Cast your vote without fear

IN his front-page editorial “People must assert: Time to cleanse the system” (March 1), Mr H.K. Dua has rightly observed that the democratic system has been infiltrated by the self-servers, the criminals and the corrupt and this has helped parasites to grow at the cost of the people. The time has come for the voters to use their franchise to cleanse the system of such people. They can if they want to and so the onus of doing this lies on them.

The ensuing Lok Sabha elections provide them a golden opportunity for asserting themselves through their sacred right to vote. They should cast their vote with care and caution without being influenced by the selfish and dubious elements through any inducement, pressure, threat or intimidation. The voters should make a fair choice in electing only the competent and deserving candidates, those with a clean image who may be fit to form a qualitative government at the Centre and work sincerely for the betterment of the people.





In his editorial, Mr H.K. Dua has dealt with the issue with a view to awakening the voters. Before exercising their franchise, the people should keep in mind that a stich in time saves nine. Any wrong decision will lead to repentance for the next five years. The do’s and don’ts mentioned by Mr Dua are a sort of questionnaire which the voters must consider while going to cast their votes.

The recent elections in Madhya Pradesh, Rajasthan, Delhi and Chhattisgarh show that the voters have become mature and that they must cleanse the system of the people with criminal and corrupt backgrounds. The local people know the candidates’ past history well. They should take the false promises made by the candidates during the campaigning with a pinch of salt.

R.S. HAMDARD, Hamirpur (HP)


Criminals contest and win elections on the ground that none is a criminal until and unless one is proved guilty by the court. Legally and morally, it may be true for those who are actually innocent and not otherwise. It is in this context that the people should think and select the right candidate without fear or favour.



The views expressed by Mr H.K. Dua are thought provoking. An election is the sharpest weapon in the hands of the public to cleanse the undesired elements from society. But how many of the Indian voters are educated enough to fulfill their responsibility in this regard?

There is a need to spread awareness among the people at the grassroots level, educate them on the parties and the candidates contesting the elections and, above all, rise above caste and religious considerations.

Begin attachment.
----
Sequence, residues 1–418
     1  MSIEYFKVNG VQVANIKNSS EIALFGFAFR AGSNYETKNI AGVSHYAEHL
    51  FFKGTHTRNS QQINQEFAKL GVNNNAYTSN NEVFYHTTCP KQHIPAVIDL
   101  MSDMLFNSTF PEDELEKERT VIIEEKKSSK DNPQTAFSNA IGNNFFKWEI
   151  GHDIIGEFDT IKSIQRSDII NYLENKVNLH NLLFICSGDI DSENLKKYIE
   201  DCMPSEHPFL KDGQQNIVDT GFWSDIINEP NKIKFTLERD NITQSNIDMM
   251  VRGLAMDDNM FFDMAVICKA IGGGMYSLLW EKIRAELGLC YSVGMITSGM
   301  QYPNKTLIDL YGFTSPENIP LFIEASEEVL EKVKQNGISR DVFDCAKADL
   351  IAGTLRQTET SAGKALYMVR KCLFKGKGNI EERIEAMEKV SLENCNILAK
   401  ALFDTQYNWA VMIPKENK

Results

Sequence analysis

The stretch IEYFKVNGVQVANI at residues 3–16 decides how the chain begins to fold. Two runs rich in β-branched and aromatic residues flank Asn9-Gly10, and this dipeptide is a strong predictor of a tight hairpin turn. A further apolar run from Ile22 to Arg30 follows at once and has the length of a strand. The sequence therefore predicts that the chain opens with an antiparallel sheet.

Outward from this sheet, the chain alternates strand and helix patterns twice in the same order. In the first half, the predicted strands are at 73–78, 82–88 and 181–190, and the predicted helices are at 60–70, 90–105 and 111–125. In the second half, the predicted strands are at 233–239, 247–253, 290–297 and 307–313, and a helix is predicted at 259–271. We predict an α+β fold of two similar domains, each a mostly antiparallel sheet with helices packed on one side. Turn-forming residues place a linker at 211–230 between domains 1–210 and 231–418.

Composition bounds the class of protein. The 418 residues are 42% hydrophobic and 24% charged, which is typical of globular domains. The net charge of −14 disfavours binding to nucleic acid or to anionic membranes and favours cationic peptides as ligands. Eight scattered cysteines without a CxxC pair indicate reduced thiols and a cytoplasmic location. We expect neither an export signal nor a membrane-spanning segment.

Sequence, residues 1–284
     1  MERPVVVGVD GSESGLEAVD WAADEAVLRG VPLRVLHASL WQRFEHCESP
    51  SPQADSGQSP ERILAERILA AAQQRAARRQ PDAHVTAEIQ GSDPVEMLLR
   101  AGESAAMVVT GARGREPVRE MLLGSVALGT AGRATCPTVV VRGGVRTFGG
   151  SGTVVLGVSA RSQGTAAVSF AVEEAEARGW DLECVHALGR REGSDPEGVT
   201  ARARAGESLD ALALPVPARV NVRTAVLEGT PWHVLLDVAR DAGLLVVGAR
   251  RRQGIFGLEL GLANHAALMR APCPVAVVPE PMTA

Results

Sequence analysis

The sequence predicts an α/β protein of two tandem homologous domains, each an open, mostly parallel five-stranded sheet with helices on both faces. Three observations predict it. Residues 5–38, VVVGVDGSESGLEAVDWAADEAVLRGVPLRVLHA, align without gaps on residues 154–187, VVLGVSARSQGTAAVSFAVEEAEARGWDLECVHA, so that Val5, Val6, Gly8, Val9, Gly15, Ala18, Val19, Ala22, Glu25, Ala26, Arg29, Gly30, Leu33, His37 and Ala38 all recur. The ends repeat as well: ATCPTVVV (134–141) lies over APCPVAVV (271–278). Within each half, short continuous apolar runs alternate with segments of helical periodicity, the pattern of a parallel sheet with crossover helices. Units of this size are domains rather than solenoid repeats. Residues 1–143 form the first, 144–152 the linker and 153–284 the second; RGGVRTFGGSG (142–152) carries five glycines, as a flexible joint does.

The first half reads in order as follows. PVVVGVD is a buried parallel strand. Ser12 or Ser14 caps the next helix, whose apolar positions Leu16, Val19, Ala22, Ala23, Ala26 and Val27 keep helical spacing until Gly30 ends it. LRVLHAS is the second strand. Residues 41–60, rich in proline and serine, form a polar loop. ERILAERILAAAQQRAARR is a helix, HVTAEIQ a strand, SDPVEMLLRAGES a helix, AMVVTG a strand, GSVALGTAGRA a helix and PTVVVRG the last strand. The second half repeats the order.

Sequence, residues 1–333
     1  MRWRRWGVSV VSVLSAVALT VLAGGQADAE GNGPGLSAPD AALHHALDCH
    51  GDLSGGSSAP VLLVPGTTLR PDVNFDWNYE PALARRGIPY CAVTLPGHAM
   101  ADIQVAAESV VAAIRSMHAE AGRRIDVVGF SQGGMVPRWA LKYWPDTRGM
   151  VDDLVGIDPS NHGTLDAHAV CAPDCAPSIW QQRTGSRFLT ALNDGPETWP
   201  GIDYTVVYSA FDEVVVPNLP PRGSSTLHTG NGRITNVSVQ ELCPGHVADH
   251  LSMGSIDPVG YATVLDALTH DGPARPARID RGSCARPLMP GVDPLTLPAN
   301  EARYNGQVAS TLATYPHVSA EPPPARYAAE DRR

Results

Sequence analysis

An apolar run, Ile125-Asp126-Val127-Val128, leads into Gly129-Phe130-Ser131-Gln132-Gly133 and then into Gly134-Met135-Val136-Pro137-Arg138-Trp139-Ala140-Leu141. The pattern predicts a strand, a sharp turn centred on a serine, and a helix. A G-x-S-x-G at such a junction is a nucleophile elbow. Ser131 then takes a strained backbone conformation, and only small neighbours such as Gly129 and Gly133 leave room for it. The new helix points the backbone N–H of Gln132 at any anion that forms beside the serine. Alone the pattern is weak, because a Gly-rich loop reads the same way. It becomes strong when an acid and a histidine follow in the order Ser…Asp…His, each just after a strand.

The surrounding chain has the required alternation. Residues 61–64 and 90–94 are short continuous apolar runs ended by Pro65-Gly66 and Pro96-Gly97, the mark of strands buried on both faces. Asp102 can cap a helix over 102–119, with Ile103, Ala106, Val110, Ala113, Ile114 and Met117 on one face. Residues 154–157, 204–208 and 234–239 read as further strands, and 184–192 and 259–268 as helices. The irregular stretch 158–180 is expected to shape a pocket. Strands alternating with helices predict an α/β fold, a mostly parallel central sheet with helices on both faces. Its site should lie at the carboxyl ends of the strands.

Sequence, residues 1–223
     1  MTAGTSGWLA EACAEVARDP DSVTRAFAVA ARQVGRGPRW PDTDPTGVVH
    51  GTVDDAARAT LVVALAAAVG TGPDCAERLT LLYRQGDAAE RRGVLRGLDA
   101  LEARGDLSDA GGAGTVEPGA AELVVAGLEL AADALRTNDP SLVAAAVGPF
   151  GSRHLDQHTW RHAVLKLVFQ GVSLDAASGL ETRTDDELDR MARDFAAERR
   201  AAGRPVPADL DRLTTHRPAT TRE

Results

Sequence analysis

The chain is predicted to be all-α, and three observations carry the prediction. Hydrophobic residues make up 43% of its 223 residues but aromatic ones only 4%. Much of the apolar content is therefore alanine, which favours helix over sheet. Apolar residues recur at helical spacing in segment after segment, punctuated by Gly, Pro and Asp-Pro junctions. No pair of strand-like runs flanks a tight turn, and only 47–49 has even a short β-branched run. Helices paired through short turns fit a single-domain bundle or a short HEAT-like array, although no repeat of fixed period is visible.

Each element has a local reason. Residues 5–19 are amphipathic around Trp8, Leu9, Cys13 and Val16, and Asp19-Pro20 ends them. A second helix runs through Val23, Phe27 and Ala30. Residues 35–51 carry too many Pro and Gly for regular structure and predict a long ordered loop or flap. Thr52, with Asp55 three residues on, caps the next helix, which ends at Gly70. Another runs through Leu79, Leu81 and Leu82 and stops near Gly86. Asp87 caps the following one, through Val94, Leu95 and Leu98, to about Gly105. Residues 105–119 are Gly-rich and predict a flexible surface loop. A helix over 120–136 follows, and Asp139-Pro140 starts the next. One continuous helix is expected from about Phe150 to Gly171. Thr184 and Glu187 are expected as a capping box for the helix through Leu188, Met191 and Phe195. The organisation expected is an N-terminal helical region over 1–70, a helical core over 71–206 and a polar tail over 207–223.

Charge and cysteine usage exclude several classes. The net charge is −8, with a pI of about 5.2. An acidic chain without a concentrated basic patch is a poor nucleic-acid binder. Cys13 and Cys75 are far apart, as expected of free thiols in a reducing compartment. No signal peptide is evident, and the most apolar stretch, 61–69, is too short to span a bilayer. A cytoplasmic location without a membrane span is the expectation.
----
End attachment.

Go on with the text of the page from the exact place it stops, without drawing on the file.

Parliament could prescribe a minimum educational qualification for the voters. But this is not possible right now as we have the universal adult suffrage.



Mr H.K. Dua’s editorial makes an interesting reading. However, whatever he has written is easier said than done. Whatever Mr Dua has suggested should be transformed into electoral laws. Every outgoing MP seeking another term should publish a paper/poster showing inter alia how many sittings he has attended in the dissolved Lok Sabha, the duration of his participation in the debates and what kind of issues he raised in the House.

He should also inform how many times he or his colleagues in the party stormed into the well of the House and obstructed the proceedings, and how many manhours were lost in the process? Every MP has a duty to inform the people on how he/she has spent the Rs-2 crore fund from the MP’s Local Area Development Scheme?

K.S. KHURANA, Amritsar

MPs’ fund: Why generalise?

IN the editorial “MPs’ share” (Feb 24), though you have adroitly pre-empted what an MP could say in self-defence, I would like to say as an MP of the 13th Lok Sabha that you have tarnished the image of our entire lot. I would agree that some MPs do come within the scope of what you have written. However, there are many exceptions and I happen to be one of them who have diligently spent my MPLADS funds honestly. This can be investigated by one of your investigative journalists, from my constituency, Sangrur.

I do not think that when you generalise on the conduct of MPs, you do justice to our parliamentary system. After all, these are the same MPs on whose support a government is formed and by your token of argument it would mean that all governments now and in the past have been shamelessly corrupt and unworthy to serve the people of India.

If that is so, why has this wisdom dawned on you so late and why you haven’t clamoured for a government or a system other than the parliamentary system? Would anyone in India like to follow the example of our neighbour Pakistan? It has tried democracy, oligarchy, military law, the presidential system, whatever excites its passions and only God knows what? If you denounce a system, you must propose an alternative.

SIMRANJIT SINGH MANN, Former MP (Lok Sabha), Quilla S. Harnam Singh,
Fatehgarh Sahib


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